Bishops narrowly approve USCCB rate hike for 2021
Washington D.C., Jan 10, 2020 / 07:43 am (CNA).- The bishops of the United States have narrowly approved an increase on the amount dioceses must contribute to the national bishops’ conference. The measure initially failed to pass when put to a vote during their November 2019 meeting and additional votes had to be collected by mail to ensure the measure passed.
On the first day of their November meeting last year, the bishops voted in favor of a three percent rise in the amount each diocese in the country is required to contribute for the funding of the USCCB, based in Washington, DC, for the year 2021. But the vote of 111 to 55 in favor failed to receive the necessary two-thirds majority to pass.
The conference leadership ruled the vote “inconclusive” and determined to send additional postal ballots to bishops not present at the meeting. Two months after the initial vote in Baltimore, the measure passed with a final tally of 130 in favor, 62 against, and three abstentions.
The final result of 130 votes in favor from diocesan and eparchial bishops was the minimum number of votes required to pass. During the first vote in Baltimore, the bishops of New York had to vote electronically from Rome, where they were conducting their ad limina visit to Pope Francis and the Roman curia.
The diocesan assessment, currently estimated at $25 million per year, is used to fund administrative, pastoral, and public policy programs at the USCCB, and the conference has told the bishops that a regular increase is necessary to maintain reserves.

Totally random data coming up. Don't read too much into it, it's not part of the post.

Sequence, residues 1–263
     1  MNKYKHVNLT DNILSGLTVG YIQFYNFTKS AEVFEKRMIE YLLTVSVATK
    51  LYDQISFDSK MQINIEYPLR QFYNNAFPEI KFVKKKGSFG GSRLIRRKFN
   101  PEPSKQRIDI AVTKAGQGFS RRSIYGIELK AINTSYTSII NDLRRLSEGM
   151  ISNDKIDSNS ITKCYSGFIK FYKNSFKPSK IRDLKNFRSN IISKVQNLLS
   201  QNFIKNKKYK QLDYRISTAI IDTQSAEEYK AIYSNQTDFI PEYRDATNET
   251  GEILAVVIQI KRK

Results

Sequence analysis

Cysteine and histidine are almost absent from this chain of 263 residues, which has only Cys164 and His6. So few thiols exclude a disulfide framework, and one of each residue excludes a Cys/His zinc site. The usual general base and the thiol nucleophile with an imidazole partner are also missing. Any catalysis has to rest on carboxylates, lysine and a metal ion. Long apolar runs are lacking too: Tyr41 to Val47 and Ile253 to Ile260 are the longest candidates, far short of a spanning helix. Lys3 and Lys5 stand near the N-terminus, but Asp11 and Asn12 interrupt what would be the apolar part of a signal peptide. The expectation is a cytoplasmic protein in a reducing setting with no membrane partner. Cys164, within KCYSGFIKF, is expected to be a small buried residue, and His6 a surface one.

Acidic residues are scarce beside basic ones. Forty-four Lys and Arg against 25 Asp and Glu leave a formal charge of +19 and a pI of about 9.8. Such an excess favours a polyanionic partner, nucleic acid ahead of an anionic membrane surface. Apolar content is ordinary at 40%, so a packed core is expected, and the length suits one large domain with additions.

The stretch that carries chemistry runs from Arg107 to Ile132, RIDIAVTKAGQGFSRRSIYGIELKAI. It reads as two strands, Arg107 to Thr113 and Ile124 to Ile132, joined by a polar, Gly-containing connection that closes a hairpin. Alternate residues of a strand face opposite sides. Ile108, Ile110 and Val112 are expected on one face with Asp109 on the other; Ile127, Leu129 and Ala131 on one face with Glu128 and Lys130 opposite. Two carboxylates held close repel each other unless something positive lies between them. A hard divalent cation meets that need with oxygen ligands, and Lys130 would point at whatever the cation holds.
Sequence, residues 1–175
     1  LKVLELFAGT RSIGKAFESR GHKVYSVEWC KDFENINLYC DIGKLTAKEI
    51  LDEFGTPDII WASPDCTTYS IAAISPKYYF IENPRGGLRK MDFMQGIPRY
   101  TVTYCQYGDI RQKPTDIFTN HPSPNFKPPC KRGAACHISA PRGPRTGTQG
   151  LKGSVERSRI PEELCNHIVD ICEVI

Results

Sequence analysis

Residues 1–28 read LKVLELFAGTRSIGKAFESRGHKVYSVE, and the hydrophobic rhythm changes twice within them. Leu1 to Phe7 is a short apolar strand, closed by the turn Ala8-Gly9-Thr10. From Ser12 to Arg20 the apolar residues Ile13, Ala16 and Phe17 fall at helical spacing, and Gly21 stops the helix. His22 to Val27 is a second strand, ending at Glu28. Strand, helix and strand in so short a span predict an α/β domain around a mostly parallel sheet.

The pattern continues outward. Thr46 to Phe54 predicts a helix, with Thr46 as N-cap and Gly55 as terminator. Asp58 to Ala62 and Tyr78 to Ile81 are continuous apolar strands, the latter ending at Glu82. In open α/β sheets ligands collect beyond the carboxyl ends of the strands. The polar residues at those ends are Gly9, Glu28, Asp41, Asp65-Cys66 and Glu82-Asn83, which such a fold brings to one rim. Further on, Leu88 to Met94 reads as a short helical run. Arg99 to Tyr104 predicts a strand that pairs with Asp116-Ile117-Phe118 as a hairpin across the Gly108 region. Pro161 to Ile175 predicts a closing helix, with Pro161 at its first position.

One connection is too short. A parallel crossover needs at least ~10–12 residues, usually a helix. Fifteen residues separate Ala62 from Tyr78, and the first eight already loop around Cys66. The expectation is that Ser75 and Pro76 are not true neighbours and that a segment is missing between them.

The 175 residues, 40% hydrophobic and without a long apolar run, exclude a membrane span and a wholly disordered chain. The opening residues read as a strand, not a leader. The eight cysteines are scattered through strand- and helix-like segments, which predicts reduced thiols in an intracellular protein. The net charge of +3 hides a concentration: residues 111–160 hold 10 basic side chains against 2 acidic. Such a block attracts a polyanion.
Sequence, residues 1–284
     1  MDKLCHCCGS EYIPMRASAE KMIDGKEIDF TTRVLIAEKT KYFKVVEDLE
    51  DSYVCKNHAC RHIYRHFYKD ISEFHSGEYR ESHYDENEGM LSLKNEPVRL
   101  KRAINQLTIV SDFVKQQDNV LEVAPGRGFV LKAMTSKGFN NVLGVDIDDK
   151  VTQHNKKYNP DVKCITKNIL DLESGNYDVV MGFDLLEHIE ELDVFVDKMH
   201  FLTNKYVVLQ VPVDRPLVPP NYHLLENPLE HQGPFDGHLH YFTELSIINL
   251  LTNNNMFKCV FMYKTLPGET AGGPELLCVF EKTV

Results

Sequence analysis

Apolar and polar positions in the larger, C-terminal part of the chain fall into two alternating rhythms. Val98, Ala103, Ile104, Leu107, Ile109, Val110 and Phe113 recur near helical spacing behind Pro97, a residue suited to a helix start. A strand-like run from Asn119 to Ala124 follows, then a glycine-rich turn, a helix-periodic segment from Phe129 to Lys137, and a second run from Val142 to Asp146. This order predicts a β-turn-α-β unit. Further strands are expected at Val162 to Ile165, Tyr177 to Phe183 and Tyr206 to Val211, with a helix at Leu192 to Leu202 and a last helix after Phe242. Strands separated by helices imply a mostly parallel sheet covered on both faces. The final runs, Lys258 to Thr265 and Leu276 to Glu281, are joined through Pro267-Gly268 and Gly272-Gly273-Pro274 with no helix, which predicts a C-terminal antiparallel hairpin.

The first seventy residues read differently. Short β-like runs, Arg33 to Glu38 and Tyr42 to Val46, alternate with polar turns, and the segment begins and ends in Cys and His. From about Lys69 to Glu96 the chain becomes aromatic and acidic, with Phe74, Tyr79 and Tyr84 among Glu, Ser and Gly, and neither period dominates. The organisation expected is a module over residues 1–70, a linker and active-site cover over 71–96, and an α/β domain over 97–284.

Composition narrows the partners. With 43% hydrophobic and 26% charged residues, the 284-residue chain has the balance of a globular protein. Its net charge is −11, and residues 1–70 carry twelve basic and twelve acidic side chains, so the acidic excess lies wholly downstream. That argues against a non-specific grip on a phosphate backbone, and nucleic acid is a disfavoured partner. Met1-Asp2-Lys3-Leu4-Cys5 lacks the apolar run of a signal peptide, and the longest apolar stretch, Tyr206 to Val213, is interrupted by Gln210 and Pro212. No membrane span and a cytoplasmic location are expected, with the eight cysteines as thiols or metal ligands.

The three percent increase is the first to be passed by the bishops since November of 2017, but which did not come into effect until the 2019 financial year. In November of 2018, no increase was approved for the 2020 assessment, largely due to the costs dioceses were facing from a surge of new clergy sex abuse lawsuits.
Following the inconclusive vote at the 2019 meeting, USCCB treasurer Archbishop Dennis Schnurr called the failure to pass “no surprise,” and acknowledged the financial challenges of some dioceses facing a resurgence in clergy sex abuse claims from new openings in state statutes of limitations.
“There are a lot of dioceses in this country that are looking at bankruptcy,” Schnurr said.
While the assessment increase can now come into effect, some bishops have publicly stated their opposition to the rate hike.
Archbishop Charles Chaput of Philadelphia said in November that his archdiocese’s assessment amounts to $257,000 per year which, when paired with a matching donation to the Holy See, totals more than half a million dollars annually.
“I don’t have this kind of money to keep increasing it [the assessment],” Chaput said. “We have huge expenses because of the sexual abuse issue and related circumstances.”
Chaput also noted that the conference itself was in ruder financial health than many of the dioceses being asked to fund it at ever-increasing rates, including his own.
The Archdiocese of Philadelphia had to pay more than $32 million in settlements to abuse victims, after a window for new abuse claims closed on Sept. 30 in the wake of a Pennsylvania grand jury report, released in August of 2018.
Chaput said that the USCCB also has more savings and investments in reserve than the archdiocese does.
“I don’t think that some of the work of the USCCB is essential to the mission of the Archdiocese of Philadelphia,” he said.
Other bishops have noted that the three percent increase is essential for the conference to keep up with inflation and rising operating costs.
In November, Cardinal Blase Cupich of Chicago noted that it had been several years since the last rate increase, and that the three percent rise would not even keep up with the accumulated cost of inflation.